Monday, the day after Christmas I had an unexpected experience. I was at Summerville High School running around the track and walking up and down the bleachers getting in a light aerobic workout. Was feeling slightly guilty, (on par with driving 60 mph in a 55 mph zone) from being so sedentary for a few days and eating my share of Christmas treats. After 30 minutes of walking and jogging I headed back from the car with some chest pains. I attributed it to the cold air, something I have experienced before.

I drove home, but the pains would not go away, and after 20 minutes my daughters Bethany and Rebecca drove me to the Sonora. After a quick blood draw, it was confirmed I was having, or had, a heart attack. Several hours later I had an ambulance ride down to Doctors Hospital in Modesto.

I spent the night in the cardiac care unit and the next morning had an angiogram, (a procedure that injects dye into the heart blood vessels and detects clogged arteries). They found two clogged and inserted two stainless steel stents clearing the pathway, (angioplasty).

I have to say the procedure produced great anxiety within me. The fear was palatable, and despite my fervent prayers for peace, I had none. Many years ago, my father had a similar procedure done which triggered a massive stroke from which he never fully recovered. I had signed the paper work prior and they had to spell it out: this procedure can trigger, (odds are 1 in 5000), a stroke or heart attack. That was my greatest fear, that or a much more serious heart attack. I also wrestled with thoughts of dying on the table and if I knew for sure where I was going. Was I good with God? Would I be welcome, or hear the words in Matthew 7:23? I was shaking in my proverbial boots and was so overcome with fear I threw up just before the procedure started. Obviously, not the strong man picture I would like to paint of myself.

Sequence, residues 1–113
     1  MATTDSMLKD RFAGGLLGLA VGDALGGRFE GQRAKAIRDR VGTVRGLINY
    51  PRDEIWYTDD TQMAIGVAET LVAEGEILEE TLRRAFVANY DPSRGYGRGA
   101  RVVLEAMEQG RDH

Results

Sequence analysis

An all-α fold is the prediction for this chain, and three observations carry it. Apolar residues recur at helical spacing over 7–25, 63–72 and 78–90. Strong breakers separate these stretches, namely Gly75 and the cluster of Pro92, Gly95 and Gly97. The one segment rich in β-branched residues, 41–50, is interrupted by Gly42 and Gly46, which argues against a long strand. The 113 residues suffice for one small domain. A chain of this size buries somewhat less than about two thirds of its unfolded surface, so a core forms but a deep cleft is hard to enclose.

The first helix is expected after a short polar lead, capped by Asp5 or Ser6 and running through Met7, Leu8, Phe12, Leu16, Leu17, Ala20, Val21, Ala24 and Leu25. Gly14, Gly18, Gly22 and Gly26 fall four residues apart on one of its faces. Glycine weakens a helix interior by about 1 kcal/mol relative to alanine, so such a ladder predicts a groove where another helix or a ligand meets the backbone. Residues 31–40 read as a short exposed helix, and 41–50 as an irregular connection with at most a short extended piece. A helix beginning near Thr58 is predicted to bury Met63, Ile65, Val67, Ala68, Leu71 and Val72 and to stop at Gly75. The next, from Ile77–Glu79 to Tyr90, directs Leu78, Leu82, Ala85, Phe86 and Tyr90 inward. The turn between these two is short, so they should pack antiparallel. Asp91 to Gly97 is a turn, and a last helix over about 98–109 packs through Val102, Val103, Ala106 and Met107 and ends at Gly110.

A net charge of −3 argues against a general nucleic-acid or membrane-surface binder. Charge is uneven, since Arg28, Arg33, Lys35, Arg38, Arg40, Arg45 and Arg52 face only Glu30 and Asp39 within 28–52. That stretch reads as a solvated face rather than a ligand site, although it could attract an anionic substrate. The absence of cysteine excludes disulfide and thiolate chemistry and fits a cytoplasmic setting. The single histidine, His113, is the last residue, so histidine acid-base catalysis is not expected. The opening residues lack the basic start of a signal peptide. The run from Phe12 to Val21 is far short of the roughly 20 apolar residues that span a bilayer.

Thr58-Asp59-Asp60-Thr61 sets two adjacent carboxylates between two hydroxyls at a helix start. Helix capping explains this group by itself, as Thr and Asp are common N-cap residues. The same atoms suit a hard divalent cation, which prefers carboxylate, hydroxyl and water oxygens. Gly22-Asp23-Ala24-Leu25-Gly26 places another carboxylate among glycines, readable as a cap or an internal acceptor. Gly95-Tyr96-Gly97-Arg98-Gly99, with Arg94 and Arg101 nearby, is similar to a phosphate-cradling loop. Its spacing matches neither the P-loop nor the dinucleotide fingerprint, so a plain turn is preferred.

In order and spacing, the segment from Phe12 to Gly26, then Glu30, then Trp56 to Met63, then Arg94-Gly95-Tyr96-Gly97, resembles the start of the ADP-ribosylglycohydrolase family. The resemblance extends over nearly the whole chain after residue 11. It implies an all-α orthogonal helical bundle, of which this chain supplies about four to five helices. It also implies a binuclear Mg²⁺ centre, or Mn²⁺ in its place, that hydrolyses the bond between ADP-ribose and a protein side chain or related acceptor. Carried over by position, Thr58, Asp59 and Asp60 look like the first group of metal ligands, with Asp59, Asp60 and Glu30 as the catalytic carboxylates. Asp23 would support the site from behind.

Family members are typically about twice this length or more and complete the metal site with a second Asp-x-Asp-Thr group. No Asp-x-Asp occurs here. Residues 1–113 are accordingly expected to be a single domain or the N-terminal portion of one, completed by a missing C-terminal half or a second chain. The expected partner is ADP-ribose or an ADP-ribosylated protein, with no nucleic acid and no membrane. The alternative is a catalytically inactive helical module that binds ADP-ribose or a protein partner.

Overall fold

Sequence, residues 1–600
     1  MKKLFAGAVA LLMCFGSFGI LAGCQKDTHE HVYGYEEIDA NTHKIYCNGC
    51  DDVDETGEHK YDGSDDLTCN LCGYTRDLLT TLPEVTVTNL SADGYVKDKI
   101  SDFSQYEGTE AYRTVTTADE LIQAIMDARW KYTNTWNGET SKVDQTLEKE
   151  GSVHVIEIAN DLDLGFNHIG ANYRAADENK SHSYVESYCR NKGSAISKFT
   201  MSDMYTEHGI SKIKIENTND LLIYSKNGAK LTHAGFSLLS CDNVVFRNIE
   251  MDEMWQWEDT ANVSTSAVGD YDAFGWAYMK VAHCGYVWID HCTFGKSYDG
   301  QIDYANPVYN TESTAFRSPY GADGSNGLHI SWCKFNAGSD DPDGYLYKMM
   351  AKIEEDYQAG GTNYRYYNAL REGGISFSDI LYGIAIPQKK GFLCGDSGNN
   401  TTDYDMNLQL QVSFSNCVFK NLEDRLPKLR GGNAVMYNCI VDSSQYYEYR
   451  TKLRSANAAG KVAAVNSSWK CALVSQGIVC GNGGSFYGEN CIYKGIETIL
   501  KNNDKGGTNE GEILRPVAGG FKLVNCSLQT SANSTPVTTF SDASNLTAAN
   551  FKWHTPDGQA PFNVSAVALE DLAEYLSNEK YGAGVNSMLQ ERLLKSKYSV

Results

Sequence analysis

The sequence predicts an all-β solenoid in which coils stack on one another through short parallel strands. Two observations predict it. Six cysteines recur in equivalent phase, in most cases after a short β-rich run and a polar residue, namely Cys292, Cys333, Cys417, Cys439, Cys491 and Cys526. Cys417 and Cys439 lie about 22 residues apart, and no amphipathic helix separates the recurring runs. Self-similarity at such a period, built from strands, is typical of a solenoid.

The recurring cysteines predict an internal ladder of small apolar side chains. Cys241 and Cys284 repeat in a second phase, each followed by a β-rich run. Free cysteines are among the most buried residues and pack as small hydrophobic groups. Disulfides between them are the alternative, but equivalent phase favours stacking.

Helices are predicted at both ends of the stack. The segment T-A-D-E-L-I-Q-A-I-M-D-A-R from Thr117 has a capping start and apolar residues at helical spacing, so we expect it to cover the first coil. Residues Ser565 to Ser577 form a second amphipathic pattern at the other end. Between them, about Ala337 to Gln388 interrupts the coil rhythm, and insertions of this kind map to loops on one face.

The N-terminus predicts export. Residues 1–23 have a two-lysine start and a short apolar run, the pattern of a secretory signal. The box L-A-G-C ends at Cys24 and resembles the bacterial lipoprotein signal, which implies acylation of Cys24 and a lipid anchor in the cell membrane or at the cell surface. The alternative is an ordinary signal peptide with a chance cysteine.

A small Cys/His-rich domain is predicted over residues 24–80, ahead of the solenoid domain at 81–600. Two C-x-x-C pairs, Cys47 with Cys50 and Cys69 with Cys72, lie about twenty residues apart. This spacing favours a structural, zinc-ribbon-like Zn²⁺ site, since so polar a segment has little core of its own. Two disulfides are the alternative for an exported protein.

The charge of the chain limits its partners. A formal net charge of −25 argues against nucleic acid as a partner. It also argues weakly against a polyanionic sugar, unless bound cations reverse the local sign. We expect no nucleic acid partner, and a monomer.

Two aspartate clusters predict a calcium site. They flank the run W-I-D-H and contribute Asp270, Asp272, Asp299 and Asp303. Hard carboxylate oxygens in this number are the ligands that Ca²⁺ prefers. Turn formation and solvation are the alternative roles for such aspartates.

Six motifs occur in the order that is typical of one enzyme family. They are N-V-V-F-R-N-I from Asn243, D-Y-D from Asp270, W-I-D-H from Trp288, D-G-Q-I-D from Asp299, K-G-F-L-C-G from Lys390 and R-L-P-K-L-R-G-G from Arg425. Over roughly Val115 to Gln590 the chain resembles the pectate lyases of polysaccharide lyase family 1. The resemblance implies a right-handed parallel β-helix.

I know many family and friends were praying for me, and I know my name was added to more than one prayer chain. I so much wanted to experience peace I have felt from the Lord in times of great stress and pressure, but I felt nothing. As far as I could tell, I was making pleas and appeals to the wall 15 feet away. What did I do? What could I do? I chose to believe that God has my best interest at heart and I would choose Him.

After another night in the cardiac care unit, the next morning they repeated the procedure and found another clogged artery adding a third stent.

Thursday morning I was discharged and headed home.

Considering I have worked out most of my life, never smoked, rarely drank, don’t do drugs, and ate healthy for the most part, (admittedly have a weakness for ice cream) my 205lb 6’2” frame was in pretty good shape. Just goes to show that genetics plays a large part into our health, despite our efforts to be fit.

So I am on the mend with restrictions on my salt intake, fatty red meat, butter, mayonnaise, bacon, sausage, donuts,pizza, etc.; all the foods that make life worth living.

During my recovery, I had time to read a book my sister in-law gave me for Christmas, titled Finding God in the Waves, by Mike McHargue. Mike McHargue is also known as Science Mike on the Internet. He hosts and co-hosts some popular podcasts.

The Amazon intro to his book starts like this. “What do you do when God dies? It’s a question facing millions today, as science reveals a Universe that’s self-creating, as American culture departs from Christian social norms, and the idea of God begins to seem implausible at best and barbaric at worst.” 1